This is not the end, Kael thought even as he heard the sounds of the crypt fiends and their monstrous leader embarking on their pursuit only five minutes later. We have not lived through all these calamities only to perish here. We will make it back to Outland, no matter what!
Duty, desperation, and an unconquerable will to survive drove them on, and twenty minutes later, when the undead had almost caught up to them, Kael and his men approached the sorry remainders of the Naga base camp, where Lady Vashj was already overseeing the retreat of her surviving forces to Outland. She was wounded and struggled visibly to maintain the dimensional portal, but she was as old as Illidan, and almost as powerful, and did not allow their last hope for escape to collapse.
"How is Lord Illidan?" the sea witch asked without turning toward the arrivals, her gaze focused on the swirling nexus of energies that made up the portal. "Will he live?" Although Kael knew her to be capable of cruelty and callousness, he could hear a tinge of concern in her raspy voice. He remembered the ancient history of his people, and recalled the ties of loyalty that still bound Illidan and the Highborne-turned-Naga together.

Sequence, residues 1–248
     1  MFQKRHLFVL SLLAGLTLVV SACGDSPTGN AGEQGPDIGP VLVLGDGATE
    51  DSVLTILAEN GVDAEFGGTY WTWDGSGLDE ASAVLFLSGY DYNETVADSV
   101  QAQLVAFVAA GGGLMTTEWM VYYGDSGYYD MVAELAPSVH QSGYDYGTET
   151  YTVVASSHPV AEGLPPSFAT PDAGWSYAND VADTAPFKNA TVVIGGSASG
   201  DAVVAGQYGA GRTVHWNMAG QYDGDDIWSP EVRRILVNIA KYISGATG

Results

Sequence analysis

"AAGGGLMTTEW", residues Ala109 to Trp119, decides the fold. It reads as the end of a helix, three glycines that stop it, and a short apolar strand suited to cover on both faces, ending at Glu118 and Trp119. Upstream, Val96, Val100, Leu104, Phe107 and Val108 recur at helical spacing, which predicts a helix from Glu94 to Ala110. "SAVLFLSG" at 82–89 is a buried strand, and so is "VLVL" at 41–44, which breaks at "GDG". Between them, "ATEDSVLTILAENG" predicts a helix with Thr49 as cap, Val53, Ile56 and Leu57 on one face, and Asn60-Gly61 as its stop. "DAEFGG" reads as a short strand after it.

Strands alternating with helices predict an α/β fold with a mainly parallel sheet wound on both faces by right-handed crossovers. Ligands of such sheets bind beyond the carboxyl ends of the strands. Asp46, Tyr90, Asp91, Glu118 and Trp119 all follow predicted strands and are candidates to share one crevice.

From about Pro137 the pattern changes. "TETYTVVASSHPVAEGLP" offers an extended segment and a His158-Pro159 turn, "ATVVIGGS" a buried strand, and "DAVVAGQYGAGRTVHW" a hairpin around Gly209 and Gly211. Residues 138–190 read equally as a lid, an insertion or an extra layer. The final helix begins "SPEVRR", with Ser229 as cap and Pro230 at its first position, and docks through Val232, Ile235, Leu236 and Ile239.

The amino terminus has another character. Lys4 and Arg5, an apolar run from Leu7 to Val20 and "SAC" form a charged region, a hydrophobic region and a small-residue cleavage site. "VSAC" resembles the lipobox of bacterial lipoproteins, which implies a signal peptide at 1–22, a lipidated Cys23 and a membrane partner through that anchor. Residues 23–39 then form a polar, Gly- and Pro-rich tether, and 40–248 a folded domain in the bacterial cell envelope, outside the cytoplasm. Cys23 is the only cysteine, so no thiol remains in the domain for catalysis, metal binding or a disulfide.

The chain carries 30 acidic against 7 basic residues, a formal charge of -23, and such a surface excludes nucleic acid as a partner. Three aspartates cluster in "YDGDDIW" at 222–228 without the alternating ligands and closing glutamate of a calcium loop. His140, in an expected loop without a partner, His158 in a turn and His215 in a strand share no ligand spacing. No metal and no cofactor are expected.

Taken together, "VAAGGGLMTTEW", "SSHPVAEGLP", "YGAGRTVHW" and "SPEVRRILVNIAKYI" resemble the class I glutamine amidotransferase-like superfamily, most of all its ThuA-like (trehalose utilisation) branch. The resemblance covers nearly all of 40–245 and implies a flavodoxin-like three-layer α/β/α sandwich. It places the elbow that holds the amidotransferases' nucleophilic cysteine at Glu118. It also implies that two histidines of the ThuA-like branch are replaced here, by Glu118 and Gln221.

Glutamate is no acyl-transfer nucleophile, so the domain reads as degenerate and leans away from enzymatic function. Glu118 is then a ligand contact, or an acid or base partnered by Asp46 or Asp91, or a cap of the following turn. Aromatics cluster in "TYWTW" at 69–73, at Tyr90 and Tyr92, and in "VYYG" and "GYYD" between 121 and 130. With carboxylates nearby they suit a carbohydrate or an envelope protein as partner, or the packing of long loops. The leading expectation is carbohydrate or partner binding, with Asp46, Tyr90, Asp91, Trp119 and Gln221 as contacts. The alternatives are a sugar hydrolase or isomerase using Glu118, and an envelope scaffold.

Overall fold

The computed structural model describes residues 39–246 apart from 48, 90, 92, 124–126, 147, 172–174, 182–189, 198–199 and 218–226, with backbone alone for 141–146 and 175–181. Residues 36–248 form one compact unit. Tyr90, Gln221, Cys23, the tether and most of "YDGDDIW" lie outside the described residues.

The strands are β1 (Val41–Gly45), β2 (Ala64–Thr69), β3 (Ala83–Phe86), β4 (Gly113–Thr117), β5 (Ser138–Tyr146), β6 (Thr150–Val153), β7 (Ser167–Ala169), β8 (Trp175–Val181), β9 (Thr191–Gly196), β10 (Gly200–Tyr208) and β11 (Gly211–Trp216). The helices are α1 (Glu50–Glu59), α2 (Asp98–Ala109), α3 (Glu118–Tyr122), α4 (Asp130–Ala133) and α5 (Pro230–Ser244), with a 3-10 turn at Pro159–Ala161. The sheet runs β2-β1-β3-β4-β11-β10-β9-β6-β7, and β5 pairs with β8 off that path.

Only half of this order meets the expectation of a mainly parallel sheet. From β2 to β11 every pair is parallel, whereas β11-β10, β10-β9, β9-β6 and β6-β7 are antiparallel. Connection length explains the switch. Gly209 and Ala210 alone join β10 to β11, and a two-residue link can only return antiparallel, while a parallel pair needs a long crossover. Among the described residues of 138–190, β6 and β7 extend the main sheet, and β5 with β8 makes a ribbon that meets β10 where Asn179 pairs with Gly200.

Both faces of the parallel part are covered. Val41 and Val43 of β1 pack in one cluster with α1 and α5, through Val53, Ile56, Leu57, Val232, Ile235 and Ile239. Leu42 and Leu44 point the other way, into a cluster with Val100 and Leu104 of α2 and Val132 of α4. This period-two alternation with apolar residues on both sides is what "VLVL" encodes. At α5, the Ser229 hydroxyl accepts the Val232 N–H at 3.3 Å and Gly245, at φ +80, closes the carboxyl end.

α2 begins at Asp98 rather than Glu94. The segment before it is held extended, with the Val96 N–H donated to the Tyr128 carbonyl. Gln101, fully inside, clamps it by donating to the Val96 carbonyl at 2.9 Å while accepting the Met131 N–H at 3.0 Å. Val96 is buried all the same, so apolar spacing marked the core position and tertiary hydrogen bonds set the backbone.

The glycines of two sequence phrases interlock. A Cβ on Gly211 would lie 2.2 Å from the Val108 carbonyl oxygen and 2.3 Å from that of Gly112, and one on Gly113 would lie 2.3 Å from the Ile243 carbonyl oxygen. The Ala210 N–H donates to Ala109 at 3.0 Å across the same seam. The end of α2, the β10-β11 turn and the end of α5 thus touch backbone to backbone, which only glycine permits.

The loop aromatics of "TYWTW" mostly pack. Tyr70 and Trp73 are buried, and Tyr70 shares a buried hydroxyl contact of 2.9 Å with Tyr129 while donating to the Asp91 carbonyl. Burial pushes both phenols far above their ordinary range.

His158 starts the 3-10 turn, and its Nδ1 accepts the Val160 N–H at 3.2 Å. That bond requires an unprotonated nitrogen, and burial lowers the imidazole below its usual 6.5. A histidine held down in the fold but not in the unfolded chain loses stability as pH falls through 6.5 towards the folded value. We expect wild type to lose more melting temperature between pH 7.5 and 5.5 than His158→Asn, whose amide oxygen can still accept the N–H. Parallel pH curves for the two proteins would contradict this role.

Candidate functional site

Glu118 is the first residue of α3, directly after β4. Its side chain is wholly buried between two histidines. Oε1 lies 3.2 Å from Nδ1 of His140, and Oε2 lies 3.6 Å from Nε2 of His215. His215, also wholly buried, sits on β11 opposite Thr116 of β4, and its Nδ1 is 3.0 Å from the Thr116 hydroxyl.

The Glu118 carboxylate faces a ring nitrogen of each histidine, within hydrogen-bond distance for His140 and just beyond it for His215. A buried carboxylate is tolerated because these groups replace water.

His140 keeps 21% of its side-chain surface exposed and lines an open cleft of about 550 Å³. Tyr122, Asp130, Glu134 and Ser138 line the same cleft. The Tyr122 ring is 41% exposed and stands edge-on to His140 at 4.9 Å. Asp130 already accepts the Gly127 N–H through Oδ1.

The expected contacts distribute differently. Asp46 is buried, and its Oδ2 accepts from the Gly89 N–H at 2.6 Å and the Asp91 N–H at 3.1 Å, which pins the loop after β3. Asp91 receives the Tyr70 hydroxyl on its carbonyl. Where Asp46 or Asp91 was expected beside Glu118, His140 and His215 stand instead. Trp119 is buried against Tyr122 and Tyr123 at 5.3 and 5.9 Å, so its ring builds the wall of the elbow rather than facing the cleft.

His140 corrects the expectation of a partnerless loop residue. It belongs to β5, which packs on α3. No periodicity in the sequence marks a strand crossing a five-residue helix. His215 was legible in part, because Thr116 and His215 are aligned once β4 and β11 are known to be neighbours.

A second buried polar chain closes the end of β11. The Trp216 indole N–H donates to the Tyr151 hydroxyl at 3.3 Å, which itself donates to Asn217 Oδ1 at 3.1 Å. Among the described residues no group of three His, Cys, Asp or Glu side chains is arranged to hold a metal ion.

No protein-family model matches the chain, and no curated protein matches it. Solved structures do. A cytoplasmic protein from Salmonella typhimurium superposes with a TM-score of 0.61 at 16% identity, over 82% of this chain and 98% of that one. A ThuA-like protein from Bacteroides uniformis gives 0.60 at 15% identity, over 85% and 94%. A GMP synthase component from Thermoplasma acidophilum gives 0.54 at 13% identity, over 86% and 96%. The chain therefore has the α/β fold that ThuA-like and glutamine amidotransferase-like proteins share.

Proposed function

"He will," Kael shouted over the howling of the wind whose ravages he barely noticed anymore. "But we need to get him back to Outland at once!"
"The portal is stable," Vashj informed him, "and will remain so as long as I draw breath." Kael did not doubt her words. "Make way for Lord Illidan!" she commanded the Naga warriors guarding the approach to the portal, and they let the Blood Elves carrying their master pass. "You must go as well, Kael, and see to it that he lives. I will keep the portal open for a while longer, in case any stragglers arrive."
"Agreed," Kael said and motioned the litter bearers to carry Illidan through the portal. "But be warned! The Scourge is fast on our heels, and they will reach this place soon."
"We have been blasted to the bottom of the sea and cursed by Elune herself," the sea witch said pridefully, and her royal guards raised their massive tridents, ready to protect their mistress until the end. "Death does not strike fear into our hearts."
"Your courage is admirable and far outweighs my own," Kael said, feeling cowardly for escaping before his sister-in-arms. "But you must return alive! Until Lord Illidan recovers, he will rely on your support more than ever."
"Worry not about the Naga," Vashj said, her face strained by the enormous exertions of keeping the portal opened. "We know how to survive. Now hurry!"
Eager to leave behind this wretched land that had seen him and his comrades defeated so soundly, Kael approached the whirling portal, stepped through it –